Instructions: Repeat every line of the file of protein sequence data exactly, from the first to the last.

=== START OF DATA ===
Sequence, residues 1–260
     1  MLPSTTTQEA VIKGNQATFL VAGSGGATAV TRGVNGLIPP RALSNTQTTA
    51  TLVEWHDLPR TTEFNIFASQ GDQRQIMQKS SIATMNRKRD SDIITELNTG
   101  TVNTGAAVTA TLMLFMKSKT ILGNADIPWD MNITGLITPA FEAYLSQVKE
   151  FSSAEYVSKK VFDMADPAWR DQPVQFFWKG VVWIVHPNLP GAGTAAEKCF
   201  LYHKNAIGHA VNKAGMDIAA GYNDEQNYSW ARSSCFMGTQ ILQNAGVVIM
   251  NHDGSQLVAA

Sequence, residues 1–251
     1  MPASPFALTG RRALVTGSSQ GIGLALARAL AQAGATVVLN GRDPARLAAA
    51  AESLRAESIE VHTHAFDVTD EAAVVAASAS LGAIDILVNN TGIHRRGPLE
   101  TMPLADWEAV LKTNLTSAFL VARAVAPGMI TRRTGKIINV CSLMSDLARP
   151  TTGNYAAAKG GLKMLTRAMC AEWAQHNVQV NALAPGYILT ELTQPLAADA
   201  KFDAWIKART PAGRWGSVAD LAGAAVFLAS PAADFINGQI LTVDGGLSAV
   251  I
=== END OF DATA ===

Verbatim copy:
Sequence, residues 1–260
     1  MLPSTTTQEA VIKGNQATFL VAGSGGATAV TRGVNGLIPP RALSNTQTTA
    51  TLVEWHDLPR TTEFNIFASQ GDQRQIMQKS SIATMNRKRD SDIITELNTG
   101  TVNTGAAVTA TLMLFMKSKT ILGNADIPWD MNITGLITPA FEAYLSQVKE
   151  FSSAEYVSKK VFDMADPAWR DQPVQFFWKG VVWIVHPNLP GAGTAAEKCF
   201  LYHKNAIGHA VNKAGMDIAA GYNDEQNYSW ARSSCFMGTQ ILQNAGVVIM
   251  NHDGSQLVAA

Sequence, residues 1–251
     1  MPASPFALTG RRALVTGSSQ GIGLALARAL AQAGATVVLN GRDPARLAAA
    51  AESLRAESIE VHTHAFDVTD EAAVVAASAS LGAIDILVNN TGIHRRGPLE
   101  TMPLADWEAV LKTNLTSAFL VARAVAPGMI TRRTGKIINV CSLMSDLARP
   151  TTGNYAAAKG GLKMLTRAMC AEWAQHNVQV NALAPGYILT ELTQPLAADA
   201  KFDAWIKART PAGRWGSVAD LAGAAVFLAS PAADFINGQI LTVDGGLSAV
   251  I